At least, that is how it is all supposed to work. But this is a picture of governance that diplomatically avoids confronting power, the historical legacy of colonialism, and the powerful shaping role played by financial interests, such as large pharmaceutical companies. In recent years, scholars have increasingly looked at global health with a critical eye, interrogating the unequal power relationships that underlie failures and gaps, and drawing on human rights standards to argue for global health approaches that also take into account structural inequalities. Jonathan Mann was one of the first of these advocates: both in his edited volume, Health and Human Rights (1999), and in his work at WHO and UNAIDS, he strongly asserted the interdependence of public health and legal rights. Paul Farmer’s pivotal Pathologies of Power (2005) sets out a stark analysis of how poverty and marginalization produce ill health, asserting that abuses of economic and social rights, such as the right to health, are closely linked to abuses of civil and political rights. A literature has grown up in the ensuing decade and a half, led in part by the work of UN Special Rapporteurs on the Right to Health, that explores the interdependence of politics and health, especially in regards to HIV and human rights (UN Special Rapporteur on the Right to Health 2013; Booth et. al. 2013; Global Commission on HIV and the Law 2012; Jurgens et. al. 2010; Shannon et. al. 2015; Schwartz et. al. 2015).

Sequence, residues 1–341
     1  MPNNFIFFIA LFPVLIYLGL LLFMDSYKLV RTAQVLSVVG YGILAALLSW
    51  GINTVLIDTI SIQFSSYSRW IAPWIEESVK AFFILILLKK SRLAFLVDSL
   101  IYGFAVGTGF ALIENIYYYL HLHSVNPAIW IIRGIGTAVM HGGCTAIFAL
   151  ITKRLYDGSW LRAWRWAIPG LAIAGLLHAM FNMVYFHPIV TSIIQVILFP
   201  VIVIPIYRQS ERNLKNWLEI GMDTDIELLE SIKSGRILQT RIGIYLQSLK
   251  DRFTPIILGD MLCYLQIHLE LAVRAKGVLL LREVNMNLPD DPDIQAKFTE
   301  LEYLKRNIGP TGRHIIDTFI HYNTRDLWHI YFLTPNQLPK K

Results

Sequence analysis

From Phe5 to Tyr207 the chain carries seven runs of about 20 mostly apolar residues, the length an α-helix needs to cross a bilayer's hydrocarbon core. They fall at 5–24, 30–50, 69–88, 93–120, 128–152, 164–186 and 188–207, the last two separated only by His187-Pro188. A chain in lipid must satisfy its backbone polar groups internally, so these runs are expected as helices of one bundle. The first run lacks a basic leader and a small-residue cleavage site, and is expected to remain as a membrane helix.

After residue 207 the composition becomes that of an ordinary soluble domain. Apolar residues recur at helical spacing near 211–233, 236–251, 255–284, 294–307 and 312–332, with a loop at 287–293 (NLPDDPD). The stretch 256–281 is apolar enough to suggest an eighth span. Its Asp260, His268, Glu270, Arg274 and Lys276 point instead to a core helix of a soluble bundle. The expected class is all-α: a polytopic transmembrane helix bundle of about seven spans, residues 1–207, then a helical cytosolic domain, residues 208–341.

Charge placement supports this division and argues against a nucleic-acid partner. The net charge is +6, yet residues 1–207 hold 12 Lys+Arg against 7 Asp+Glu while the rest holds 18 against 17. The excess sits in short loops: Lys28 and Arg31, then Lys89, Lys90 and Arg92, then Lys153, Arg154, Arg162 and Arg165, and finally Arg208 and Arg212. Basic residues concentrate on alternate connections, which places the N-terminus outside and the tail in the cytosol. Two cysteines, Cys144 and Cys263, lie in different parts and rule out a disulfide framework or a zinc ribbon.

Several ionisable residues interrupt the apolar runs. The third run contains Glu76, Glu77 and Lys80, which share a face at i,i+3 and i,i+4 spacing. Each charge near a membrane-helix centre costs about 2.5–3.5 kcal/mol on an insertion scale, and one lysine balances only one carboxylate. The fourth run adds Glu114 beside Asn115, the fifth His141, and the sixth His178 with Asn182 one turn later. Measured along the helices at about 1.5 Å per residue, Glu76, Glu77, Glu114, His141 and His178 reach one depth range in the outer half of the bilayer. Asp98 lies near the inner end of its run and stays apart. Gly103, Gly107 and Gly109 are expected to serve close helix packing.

On a parallel track to this somewhat positivist and legally-driven approach to power and health governance, medical anthropologists have interrogated how the rapid scale-up of HIV programs have distorted politics and health systems. This work builds on a longer tradition in anthropology that explores the politics of aid, especially health aid (Chan 2015, Ferguson 1994, Redfield 2008, Scott 1998, Adams 2016, Easterly 2006, Farmer 2005, Marx et. al. 2012, Rowden 2009). Anthropologists have also highlighted subjectivities produced in global health governance and the construction of value in the context of health and science (Nguyen 2005 and 2010, Redfield 2008). At the same time, some anthropologists have explored how activists have shaped these dynamics and discourses, sometimes drawing on international rights norms (Chan 2015).